Foreign buyers – particularly Chinese buyers – who were a feature of the property boom have largely left the scene, as tighter capital controls by Chinese authorities have crimped their ability to buy in Australia. The “vacancy tax” introduced in Victoria in 2018 – in which a vacant residential land tax applies to homes in inner and middle Melbourne that were vacant for more than six months in the preceding calendar year – is also biting, and inducing some investors to sell.


In summary, we’re finding that there are fewer buyers in the market, and those that remain cannot afford to borrow as much.

Buyers that are prepared to buy are at last seeing some good opportunities.

Melbourne, for example, has been a seller’s market for six years – but the pendulum has swung in favour of buyers.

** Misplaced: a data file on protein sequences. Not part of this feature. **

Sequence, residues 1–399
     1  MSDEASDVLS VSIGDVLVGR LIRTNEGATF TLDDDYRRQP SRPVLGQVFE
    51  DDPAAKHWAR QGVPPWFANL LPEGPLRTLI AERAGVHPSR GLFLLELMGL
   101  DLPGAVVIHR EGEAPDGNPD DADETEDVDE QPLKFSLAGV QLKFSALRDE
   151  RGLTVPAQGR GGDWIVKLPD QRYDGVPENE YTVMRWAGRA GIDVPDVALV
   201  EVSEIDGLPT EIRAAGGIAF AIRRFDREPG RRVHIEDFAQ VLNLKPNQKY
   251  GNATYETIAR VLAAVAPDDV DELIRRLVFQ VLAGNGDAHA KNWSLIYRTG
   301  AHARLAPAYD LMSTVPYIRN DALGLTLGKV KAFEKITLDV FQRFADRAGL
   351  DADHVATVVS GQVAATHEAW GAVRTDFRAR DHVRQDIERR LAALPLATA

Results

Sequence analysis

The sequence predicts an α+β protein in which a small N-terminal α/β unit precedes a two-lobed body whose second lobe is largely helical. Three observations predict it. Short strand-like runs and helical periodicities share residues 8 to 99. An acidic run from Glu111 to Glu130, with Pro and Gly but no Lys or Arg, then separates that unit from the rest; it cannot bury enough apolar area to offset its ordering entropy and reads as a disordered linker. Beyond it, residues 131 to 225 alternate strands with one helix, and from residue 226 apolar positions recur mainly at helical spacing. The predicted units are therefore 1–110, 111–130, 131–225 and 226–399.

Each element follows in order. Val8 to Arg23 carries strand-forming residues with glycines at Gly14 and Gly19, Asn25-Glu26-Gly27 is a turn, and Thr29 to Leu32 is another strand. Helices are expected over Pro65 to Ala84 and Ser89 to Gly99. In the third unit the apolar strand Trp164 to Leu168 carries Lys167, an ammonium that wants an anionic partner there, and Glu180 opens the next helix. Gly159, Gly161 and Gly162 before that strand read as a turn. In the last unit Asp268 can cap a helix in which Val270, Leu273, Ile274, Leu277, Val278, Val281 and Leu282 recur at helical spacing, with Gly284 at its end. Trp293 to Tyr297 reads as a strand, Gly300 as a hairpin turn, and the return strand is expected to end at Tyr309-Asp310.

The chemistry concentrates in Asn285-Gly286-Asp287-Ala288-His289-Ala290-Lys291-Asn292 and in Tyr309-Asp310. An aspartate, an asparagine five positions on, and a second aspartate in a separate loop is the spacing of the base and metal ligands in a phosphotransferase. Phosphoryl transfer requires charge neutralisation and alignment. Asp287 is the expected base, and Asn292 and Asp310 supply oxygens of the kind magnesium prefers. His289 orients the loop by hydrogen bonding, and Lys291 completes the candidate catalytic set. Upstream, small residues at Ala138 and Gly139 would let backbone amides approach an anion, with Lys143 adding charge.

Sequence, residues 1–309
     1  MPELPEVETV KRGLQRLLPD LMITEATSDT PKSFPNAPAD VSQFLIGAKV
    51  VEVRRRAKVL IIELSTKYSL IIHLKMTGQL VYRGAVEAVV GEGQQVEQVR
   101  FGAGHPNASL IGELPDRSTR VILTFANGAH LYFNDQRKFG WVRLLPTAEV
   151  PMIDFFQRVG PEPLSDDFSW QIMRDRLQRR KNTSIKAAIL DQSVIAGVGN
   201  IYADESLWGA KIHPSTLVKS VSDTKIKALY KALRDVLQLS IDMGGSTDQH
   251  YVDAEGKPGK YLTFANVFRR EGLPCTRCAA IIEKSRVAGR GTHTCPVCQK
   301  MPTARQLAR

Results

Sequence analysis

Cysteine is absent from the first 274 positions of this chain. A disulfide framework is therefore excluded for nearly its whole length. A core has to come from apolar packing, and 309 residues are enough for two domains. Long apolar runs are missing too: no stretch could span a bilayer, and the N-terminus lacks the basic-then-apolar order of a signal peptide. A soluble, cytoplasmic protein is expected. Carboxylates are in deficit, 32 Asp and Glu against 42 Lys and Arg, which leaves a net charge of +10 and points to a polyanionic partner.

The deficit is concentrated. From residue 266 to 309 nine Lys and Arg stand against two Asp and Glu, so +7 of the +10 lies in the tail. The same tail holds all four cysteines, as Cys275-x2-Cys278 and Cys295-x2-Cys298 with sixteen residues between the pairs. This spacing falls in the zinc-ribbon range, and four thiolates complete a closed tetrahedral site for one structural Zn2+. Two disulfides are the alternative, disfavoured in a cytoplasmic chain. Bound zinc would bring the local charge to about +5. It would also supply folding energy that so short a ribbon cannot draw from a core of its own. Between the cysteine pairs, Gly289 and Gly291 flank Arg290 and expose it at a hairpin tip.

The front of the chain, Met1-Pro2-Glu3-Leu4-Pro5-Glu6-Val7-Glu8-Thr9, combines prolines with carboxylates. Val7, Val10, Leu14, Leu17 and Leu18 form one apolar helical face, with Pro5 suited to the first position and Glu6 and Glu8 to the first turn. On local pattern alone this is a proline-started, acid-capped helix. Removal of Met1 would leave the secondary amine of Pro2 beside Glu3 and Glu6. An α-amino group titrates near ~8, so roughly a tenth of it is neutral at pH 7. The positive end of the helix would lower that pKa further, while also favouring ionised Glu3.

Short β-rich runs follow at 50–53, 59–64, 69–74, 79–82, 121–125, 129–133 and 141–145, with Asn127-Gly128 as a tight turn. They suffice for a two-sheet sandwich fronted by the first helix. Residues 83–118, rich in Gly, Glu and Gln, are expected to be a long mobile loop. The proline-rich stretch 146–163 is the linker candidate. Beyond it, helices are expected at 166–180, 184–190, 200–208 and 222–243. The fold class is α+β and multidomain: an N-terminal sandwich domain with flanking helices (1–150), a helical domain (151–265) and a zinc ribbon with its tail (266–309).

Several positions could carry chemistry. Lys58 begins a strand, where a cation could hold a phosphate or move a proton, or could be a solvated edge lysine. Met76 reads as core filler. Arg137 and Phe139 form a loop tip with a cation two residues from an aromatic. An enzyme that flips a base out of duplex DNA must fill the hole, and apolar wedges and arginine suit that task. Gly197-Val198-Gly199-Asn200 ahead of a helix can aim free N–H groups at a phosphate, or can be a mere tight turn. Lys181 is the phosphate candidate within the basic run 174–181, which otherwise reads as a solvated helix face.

If you are a discerning, serious buyer, you can approach auctions feeling confident that you’re not going to be rapidly bid-up past your limits: in fact, at present, you may be the only serious buyer. You may be able to strike advantageous deals off-market, as vendors are decreasingly keen on committing to expensive marketing campaigns, in the risk that the property is passed-in. As a serious, disciplined buyer, we are seeing more properties coming into our ‘sweet spot,’ where we can make the numbers work in our favour.

Like any traded market, residential property moves in cycles. This one has moved temporarily in favour of serious buyers. Longer-term, Australia still has a growing population, rising life expectancy and physical restrictions on supply in already heavily developed capital cities – all of which support the demand side.

Our investors achieved return rates of about 10.5% in the 2017-18 financial year. With the market now favouring buyers, there is the opportunity to do even better than that over the medium term.



Jock Bing | Director


Portfolio Management Services Pty Ltd